The second problem is that this isn’t just about the convicted murderers on death row, who aren’t exactly the most sympathetic characters. Clayton Lockett brutally murdered Stephanie Neiman in 1999 when she tried to stop him stealing her truck. He used duct tape to bind and silence her, driving her out into the countryside, digging a shallow grave while she watched and then shooting her with a shotgun. The first shot misfired, so he fixed his gun as she pleaded for her life and then shot her again, ordering an accomplice to bury her. A man who tortured a young woman during a botched shooting was later tortured in a botched execution – it’s hard not to see some dark karma in that.

But this isn't about Lockett, it's about the public and their government. People deserve to know how executions are going to be carried out, drug manufacturers deserve to know whether their products are being misused against their wishes and prison officials should be accountable for the mistakes they make. Government executions are a barbaric, medieval practice. They demean the states and nations that still carry them out by reducing them to the same level as the murderers they want to punish. But if they are going to do it, then they should at least do it professionally, humanely and transparently.

Oklahoma State Penitentiary (Photo via)

Unfortunately, the exact opposite is happening. The 32 states that still have the death penalty have been furiously resisting any attempts by the public to find out where their drugs come from. Why? Because officials are finding it harder and harder to get hold of the drugs they need through legitimate channels, and if supplies dry up completely then the whole capital punishment system could be under threat. States would have to move to less "acceptable" methods, like gas chambers or firing squads, creating more public opposition at a time when support for the death penalty is already lower than it has been for 40 years.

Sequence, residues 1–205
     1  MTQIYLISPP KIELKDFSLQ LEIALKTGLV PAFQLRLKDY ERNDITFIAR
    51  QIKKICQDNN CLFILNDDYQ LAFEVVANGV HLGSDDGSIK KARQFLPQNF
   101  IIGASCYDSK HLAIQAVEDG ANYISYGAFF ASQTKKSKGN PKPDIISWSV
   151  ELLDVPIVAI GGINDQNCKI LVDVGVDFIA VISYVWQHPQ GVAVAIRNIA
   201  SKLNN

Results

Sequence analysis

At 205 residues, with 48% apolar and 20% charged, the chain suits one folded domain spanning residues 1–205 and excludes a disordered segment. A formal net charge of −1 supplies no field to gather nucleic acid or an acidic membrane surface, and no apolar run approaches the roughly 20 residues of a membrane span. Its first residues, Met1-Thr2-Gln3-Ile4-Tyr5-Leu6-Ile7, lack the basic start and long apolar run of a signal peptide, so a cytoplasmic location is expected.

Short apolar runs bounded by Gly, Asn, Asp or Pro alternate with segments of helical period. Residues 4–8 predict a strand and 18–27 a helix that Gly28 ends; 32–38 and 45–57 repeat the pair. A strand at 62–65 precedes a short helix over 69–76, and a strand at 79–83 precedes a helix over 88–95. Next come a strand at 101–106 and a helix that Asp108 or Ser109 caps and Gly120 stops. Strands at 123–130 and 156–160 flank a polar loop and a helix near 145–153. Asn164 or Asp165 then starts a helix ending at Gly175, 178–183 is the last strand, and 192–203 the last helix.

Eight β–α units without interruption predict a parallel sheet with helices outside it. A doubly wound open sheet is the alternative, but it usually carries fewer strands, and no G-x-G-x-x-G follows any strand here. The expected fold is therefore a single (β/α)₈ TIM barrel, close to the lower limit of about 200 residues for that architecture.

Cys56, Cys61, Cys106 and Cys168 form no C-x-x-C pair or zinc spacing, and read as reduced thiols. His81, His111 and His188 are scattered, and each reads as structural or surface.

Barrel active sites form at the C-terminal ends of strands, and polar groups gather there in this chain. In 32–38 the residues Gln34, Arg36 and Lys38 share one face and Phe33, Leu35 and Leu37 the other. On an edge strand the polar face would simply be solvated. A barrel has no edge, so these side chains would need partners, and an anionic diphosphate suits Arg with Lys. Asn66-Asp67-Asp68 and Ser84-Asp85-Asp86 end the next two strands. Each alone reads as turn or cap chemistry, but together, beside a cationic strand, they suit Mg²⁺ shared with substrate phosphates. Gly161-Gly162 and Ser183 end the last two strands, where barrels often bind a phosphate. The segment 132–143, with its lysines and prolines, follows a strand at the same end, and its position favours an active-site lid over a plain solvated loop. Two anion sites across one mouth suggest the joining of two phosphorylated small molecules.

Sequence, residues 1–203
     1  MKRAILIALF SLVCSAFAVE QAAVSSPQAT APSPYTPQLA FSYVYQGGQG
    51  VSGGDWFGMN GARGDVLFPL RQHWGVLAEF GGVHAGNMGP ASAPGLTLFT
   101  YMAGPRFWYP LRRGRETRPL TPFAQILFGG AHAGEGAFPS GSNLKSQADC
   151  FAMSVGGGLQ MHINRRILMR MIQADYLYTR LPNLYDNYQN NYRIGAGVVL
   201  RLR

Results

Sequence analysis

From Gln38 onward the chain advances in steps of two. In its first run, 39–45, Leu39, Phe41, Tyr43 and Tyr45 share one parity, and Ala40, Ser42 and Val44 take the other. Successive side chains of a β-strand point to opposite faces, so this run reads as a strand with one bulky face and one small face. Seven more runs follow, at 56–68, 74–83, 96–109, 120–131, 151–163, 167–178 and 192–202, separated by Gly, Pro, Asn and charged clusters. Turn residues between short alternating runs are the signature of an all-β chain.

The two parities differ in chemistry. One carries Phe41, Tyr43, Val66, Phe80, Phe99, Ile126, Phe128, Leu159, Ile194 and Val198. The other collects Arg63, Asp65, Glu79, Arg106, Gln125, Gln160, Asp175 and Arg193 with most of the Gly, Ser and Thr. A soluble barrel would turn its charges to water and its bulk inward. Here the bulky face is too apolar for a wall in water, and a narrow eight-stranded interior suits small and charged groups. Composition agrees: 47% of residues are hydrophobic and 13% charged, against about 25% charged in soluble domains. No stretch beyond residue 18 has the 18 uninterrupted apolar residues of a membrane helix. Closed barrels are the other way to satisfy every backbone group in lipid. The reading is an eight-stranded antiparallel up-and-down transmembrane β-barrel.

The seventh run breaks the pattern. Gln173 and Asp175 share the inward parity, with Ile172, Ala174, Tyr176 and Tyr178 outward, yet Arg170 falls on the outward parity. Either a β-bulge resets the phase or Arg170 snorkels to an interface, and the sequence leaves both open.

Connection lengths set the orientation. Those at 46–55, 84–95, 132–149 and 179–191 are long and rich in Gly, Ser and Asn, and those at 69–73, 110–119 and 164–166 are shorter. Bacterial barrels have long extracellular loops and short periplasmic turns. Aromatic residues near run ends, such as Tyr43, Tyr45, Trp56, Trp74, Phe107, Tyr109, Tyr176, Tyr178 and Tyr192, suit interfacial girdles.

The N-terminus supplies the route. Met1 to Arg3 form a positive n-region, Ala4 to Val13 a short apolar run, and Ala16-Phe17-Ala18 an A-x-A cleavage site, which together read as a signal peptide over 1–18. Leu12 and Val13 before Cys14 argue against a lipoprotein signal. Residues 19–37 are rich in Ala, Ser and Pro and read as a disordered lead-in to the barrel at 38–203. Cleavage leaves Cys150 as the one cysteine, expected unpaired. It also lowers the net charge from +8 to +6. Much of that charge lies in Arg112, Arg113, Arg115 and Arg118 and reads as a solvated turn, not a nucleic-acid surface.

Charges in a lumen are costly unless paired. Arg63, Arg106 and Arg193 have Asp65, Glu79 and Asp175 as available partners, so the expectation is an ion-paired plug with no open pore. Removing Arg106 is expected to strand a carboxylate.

The EU prohibits the export of products used for “capital punishment, torture or other cruel, inhuman or degrading treatment or punishment”, a very deliberate move that puts the United States in roughly the same position as some nefarious dictator’s regime trying to source weapons on the black market. Sure, other companies could step in, but who wants to be the vaccine-manufacturer selling lethal injections to prisons? Nobody.

The trouble is, the US drug market is so badly regulated that it’s next to impossible to stop prisons using your product. Hospira, a drug manufacturer based in Illinois, were embarrassed in February when leaked documents showed that batches of midazolam they made were being used to execute prisoners in Ohio. The batches had found their way to a distributor in San Francisco, who then sold them on to Ohio, where they were used in another execution-gone-worse – the 26-minute death of Dennis McGuire in January. Louisiana and Florida use the same drug, but neither will say where they get it.